Denmark, which like its Nordic neighbours prides itself on promoting equal treatment for men and women, has taken gender equality all the way to the beauty salon.
A ruling last month by Denmark’s Board of Equal Treatment effectively stated that price differences between men’s and women’s haircuts were illegal.
It ordered a salon advertising women’s haircuts for 528 crowns – £59 – and men’s haircuts for 428 crowns – £48 – plus an extra fee for long hair, to pay 2,500 crowns – £281- to a woman who had filed a complaint.
Now, a trade organisation for hairdressers has called the decision absurd, saying it will become a nightmare to set prices for customers and warning of ‘pricing chaos’.
‘It takes, quite simply, longer time with women,’ said Connie Mikkelsen, chairwoman of the Danish organisation for independent hairdressers and cosmeticians.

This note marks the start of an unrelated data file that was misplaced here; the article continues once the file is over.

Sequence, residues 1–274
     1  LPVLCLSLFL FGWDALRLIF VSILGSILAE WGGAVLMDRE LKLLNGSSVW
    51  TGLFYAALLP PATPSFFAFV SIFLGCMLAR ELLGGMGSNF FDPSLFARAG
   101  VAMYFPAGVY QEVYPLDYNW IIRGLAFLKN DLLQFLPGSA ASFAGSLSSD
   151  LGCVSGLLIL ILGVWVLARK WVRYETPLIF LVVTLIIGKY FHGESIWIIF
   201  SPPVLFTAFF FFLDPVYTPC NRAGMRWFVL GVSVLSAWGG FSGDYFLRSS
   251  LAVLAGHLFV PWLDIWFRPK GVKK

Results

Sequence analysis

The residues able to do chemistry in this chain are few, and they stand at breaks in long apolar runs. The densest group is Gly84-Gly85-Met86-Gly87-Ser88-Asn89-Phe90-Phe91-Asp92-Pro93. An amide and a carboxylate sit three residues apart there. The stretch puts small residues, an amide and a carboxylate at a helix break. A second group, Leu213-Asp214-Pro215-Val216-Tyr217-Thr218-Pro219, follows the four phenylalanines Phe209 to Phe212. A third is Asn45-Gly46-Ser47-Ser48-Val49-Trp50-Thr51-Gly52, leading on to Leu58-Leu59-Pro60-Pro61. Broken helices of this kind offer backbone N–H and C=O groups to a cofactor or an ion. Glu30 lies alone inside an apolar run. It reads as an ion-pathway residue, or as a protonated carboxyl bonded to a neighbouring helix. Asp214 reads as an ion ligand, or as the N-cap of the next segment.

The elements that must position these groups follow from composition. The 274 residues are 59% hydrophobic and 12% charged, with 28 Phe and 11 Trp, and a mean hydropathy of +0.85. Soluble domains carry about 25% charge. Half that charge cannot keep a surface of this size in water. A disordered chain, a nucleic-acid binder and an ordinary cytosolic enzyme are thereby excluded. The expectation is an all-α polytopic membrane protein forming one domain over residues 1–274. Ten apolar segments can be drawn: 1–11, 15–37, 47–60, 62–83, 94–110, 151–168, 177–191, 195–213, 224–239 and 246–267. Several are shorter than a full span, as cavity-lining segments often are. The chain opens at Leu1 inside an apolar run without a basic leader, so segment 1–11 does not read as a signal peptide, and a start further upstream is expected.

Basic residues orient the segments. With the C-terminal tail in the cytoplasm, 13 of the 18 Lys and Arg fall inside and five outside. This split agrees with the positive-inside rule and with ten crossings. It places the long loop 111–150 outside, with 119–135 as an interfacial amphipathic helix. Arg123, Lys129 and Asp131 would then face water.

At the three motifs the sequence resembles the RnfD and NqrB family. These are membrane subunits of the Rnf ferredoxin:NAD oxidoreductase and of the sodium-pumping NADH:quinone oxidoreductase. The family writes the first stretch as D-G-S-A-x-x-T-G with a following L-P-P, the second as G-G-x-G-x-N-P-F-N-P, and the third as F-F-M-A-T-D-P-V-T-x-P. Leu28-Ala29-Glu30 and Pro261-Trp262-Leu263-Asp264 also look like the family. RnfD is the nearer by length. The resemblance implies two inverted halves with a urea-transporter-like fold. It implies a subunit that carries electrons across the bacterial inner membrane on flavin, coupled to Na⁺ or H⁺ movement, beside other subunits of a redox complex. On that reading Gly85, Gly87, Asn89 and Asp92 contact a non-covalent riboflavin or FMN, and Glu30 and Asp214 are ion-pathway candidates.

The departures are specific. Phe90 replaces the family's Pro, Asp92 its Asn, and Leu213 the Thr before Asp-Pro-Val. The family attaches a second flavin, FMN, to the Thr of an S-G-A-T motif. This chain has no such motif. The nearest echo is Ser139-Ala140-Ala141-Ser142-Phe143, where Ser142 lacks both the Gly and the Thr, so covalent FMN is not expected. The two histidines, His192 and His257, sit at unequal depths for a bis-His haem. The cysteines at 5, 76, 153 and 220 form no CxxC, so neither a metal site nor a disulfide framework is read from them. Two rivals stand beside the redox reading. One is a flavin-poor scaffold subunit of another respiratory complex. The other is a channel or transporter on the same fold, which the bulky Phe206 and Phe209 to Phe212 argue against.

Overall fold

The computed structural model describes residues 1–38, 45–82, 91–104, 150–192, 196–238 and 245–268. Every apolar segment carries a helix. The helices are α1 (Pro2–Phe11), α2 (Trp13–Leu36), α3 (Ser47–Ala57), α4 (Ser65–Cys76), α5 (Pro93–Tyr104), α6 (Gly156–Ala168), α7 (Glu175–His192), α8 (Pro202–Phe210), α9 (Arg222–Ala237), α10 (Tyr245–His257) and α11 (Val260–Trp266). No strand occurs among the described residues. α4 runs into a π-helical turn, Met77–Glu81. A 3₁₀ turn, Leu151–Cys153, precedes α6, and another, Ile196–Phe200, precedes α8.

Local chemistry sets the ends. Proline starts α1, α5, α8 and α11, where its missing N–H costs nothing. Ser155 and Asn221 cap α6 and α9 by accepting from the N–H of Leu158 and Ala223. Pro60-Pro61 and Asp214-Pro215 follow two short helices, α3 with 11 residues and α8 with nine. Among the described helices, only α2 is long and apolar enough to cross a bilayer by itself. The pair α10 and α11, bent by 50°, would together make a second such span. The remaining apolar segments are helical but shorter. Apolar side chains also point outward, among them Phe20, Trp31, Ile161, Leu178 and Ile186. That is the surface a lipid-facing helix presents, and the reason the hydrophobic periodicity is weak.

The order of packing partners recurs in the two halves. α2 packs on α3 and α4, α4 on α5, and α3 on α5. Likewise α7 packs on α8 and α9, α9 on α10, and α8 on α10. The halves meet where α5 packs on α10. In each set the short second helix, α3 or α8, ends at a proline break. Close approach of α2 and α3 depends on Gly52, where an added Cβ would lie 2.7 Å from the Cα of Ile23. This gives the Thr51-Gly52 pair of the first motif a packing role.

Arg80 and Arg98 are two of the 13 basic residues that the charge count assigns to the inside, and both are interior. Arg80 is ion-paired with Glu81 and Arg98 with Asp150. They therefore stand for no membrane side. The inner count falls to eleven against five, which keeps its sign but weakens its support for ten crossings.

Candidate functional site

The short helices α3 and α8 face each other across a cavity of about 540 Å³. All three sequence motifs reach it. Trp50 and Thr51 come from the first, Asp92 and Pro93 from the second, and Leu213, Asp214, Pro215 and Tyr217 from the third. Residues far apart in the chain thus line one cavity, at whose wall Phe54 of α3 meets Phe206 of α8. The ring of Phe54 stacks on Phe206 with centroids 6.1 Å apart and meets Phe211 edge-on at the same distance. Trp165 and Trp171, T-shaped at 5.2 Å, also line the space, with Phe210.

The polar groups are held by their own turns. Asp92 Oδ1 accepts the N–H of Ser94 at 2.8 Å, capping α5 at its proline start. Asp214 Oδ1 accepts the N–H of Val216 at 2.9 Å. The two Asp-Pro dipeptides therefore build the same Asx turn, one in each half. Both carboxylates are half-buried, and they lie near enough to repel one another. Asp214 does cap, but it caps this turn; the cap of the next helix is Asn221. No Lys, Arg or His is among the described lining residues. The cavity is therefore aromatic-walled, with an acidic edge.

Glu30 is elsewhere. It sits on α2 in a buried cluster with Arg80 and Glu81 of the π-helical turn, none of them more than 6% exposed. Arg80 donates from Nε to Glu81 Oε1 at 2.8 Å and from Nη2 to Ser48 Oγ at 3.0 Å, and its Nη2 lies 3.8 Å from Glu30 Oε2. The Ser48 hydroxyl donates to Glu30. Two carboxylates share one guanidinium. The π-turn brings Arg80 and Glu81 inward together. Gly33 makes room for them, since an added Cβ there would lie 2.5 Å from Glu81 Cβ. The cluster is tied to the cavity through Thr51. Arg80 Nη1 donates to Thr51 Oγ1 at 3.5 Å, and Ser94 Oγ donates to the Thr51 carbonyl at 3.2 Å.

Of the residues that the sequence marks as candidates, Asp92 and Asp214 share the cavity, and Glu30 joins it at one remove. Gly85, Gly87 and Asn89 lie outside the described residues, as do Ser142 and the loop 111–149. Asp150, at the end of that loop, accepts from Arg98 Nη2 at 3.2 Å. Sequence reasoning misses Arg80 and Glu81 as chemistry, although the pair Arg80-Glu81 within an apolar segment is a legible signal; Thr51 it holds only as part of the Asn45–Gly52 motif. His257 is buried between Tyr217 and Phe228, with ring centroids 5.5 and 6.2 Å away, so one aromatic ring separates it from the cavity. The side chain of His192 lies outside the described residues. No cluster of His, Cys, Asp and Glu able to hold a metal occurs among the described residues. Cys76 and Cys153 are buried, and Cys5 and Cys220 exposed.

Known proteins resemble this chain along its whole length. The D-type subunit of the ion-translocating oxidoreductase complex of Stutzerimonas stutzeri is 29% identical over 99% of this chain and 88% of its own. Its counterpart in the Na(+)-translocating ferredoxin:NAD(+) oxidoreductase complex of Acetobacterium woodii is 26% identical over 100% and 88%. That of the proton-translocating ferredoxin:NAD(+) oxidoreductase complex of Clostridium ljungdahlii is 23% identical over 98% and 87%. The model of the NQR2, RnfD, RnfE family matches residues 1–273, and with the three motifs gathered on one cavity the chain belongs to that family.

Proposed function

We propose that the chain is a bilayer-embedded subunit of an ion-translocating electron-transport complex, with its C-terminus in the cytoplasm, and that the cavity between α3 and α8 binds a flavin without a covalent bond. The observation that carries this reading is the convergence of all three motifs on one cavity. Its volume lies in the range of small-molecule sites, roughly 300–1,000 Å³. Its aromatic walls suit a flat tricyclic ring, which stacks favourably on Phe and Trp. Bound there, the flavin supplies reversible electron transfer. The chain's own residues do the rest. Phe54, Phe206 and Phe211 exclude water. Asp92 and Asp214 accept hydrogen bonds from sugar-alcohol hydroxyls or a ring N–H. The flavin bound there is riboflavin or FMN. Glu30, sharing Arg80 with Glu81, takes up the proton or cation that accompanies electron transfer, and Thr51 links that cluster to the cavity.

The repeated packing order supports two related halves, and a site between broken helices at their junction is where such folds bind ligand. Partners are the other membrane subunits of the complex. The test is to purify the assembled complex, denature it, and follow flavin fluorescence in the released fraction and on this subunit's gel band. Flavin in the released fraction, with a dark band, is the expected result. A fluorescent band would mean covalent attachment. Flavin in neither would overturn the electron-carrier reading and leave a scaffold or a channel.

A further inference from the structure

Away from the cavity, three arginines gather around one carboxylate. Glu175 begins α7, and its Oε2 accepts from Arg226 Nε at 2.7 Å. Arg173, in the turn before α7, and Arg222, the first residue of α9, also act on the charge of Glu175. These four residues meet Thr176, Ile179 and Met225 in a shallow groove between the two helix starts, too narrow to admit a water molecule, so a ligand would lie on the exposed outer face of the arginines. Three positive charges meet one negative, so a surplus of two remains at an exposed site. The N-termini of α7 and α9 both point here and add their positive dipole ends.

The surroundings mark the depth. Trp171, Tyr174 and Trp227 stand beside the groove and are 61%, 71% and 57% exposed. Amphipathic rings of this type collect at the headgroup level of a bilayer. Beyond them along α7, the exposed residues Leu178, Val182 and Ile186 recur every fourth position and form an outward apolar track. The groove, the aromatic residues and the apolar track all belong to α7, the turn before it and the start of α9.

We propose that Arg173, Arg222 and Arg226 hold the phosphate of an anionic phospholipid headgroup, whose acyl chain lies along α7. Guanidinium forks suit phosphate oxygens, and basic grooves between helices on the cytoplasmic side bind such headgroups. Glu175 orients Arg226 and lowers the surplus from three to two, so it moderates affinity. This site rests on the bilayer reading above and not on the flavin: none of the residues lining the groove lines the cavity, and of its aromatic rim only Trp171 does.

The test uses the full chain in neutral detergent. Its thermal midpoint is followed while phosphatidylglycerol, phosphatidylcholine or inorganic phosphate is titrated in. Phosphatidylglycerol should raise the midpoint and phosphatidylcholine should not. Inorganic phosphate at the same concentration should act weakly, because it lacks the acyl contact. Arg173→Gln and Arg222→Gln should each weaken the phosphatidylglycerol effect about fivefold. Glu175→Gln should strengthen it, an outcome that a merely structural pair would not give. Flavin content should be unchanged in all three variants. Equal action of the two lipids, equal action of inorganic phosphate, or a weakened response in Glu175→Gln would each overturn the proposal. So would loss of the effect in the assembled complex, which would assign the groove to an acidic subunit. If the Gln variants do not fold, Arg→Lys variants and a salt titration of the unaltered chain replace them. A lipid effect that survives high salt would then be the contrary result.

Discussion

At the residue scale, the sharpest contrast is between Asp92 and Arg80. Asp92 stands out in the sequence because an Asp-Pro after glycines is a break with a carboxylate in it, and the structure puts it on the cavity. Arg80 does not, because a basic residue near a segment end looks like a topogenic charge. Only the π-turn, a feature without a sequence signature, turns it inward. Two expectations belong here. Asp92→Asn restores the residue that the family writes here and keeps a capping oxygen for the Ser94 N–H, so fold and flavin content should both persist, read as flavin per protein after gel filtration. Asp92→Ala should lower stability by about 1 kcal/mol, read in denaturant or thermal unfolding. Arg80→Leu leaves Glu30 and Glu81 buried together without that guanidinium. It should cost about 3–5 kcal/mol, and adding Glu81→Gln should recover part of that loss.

The board’s decision has been appealed and a court will determine whether hairdressers need to find a new way to charge for their services, in the length of time, or the standard of the cut.
‘Measuring time will lead to a discussion of hair length – what is medium length, and what is long. It will end in a series of conflicts with customers,’ Mikkelsen said.
Nordic countries consistently hold some of the highest rankings in global gender equality indices.
Denmark ranked seventh out of 135 countries in the World Economic Forum’s global gender gap index which benchmarks national gender gaps on economic, political, education and health criteria.